Sacred City of Anuradhapura
Back to index
|This sacred city was established around a cutting from the 'tree of
enlightenment', the Buddha's fig tree, brought there in the 3rd century B.C. by
Sanghamitta, the founder of an order of Buddhist nuns.
Anuradhapura, a Ceylonese political and religious capital that flourished for 1,300 years, was abandoned after an invasion in 993. Hidden away in dense jungle for many years, the splendid site, with its palaces, monasteries and monuments, is now accessible once again.
Anuradhapura is a city in northern Sri Lanka, the capital of the North-Central Province. Founded in 437 bc, the city was the capital of a Sinhalese kingdom until the 8th century ad. Today the city is noted for extensive Buddhist ruins, including a rock-hewn temple, the Brazen Palace (2nd century), and several stupas and statues.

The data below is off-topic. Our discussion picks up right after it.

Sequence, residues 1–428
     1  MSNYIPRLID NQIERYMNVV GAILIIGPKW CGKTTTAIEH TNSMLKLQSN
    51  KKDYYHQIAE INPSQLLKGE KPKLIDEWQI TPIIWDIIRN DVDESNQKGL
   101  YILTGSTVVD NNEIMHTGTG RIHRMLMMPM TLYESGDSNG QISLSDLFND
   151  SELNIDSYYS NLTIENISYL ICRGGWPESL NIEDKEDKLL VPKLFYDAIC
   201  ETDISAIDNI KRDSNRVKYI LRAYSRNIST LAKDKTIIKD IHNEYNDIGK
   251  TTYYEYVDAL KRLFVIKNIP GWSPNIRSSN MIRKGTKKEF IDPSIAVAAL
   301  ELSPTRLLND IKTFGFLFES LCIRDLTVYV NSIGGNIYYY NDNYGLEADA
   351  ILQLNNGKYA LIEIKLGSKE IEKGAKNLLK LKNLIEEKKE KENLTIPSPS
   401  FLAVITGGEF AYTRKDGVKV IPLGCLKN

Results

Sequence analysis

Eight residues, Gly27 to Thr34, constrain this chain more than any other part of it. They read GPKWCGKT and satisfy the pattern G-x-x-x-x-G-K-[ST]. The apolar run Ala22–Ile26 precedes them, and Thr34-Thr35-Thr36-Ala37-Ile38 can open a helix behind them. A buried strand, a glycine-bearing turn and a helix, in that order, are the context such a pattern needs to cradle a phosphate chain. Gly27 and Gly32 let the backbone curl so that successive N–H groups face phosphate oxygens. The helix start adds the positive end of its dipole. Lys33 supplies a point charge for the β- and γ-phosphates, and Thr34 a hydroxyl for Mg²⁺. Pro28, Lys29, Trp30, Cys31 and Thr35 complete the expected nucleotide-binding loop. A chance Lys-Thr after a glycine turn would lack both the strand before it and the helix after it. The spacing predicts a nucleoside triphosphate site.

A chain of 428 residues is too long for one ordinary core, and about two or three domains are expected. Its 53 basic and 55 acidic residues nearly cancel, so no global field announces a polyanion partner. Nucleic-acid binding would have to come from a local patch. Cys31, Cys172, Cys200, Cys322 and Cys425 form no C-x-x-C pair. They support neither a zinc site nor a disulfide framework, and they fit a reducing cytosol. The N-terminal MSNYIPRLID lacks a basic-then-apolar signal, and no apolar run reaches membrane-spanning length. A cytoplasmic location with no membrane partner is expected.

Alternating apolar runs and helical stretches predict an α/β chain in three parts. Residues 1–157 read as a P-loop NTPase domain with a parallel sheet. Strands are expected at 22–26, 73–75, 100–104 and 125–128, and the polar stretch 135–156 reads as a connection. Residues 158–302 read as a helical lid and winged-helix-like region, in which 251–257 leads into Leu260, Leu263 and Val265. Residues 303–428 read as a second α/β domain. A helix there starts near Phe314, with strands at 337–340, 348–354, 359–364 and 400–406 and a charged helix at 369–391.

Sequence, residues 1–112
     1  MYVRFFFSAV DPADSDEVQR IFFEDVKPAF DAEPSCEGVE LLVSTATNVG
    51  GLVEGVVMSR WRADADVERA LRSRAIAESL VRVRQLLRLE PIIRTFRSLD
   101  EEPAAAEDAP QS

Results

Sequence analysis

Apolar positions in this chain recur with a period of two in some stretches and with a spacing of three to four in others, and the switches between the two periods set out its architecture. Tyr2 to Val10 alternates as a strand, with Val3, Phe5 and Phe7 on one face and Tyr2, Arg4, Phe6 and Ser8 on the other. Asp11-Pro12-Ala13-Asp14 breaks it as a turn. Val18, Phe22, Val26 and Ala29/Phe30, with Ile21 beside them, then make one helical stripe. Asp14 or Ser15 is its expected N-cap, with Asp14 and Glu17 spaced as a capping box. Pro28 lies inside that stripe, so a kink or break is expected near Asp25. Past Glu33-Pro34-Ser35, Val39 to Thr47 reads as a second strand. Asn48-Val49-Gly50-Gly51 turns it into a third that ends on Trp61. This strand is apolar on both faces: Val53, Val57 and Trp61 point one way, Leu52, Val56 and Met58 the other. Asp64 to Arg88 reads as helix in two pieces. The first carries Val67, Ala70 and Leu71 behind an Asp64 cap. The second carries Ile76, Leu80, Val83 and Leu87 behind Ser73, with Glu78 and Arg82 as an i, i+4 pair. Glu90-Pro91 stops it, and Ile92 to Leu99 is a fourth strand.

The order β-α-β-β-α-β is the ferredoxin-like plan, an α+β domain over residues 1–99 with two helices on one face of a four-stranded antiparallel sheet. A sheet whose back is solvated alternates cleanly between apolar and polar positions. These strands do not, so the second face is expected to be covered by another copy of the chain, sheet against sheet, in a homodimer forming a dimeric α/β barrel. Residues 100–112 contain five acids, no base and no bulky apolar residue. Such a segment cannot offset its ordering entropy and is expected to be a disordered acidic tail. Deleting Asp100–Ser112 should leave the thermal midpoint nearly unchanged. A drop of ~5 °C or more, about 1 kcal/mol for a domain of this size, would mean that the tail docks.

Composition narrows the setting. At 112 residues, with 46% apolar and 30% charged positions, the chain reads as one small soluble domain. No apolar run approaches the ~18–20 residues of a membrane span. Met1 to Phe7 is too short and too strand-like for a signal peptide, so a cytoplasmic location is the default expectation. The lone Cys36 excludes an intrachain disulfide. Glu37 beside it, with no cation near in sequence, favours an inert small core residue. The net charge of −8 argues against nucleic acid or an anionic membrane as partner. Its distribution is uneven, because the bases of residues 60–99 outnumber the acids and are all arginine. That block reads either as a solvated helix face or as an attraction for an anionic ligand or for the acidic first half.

Many pilgrimages are made each year to the sacred bo tree, believed to have sprung from a branch of the tree under which the Buddha attained Enlightenment. The branch was supposedly brought from India to Sri Lanka about the middle of the 3rd century BC, the time that marks the coming of Buddhism to the island of Sri Lanka.
Sources and links:
Other World Heritage Sites in Sri Lanka (on this site). Please refer to the UNESCO-listing, Sri Lanka section, for further information on the individual properties.
Back to index
Revised 21 jul 2006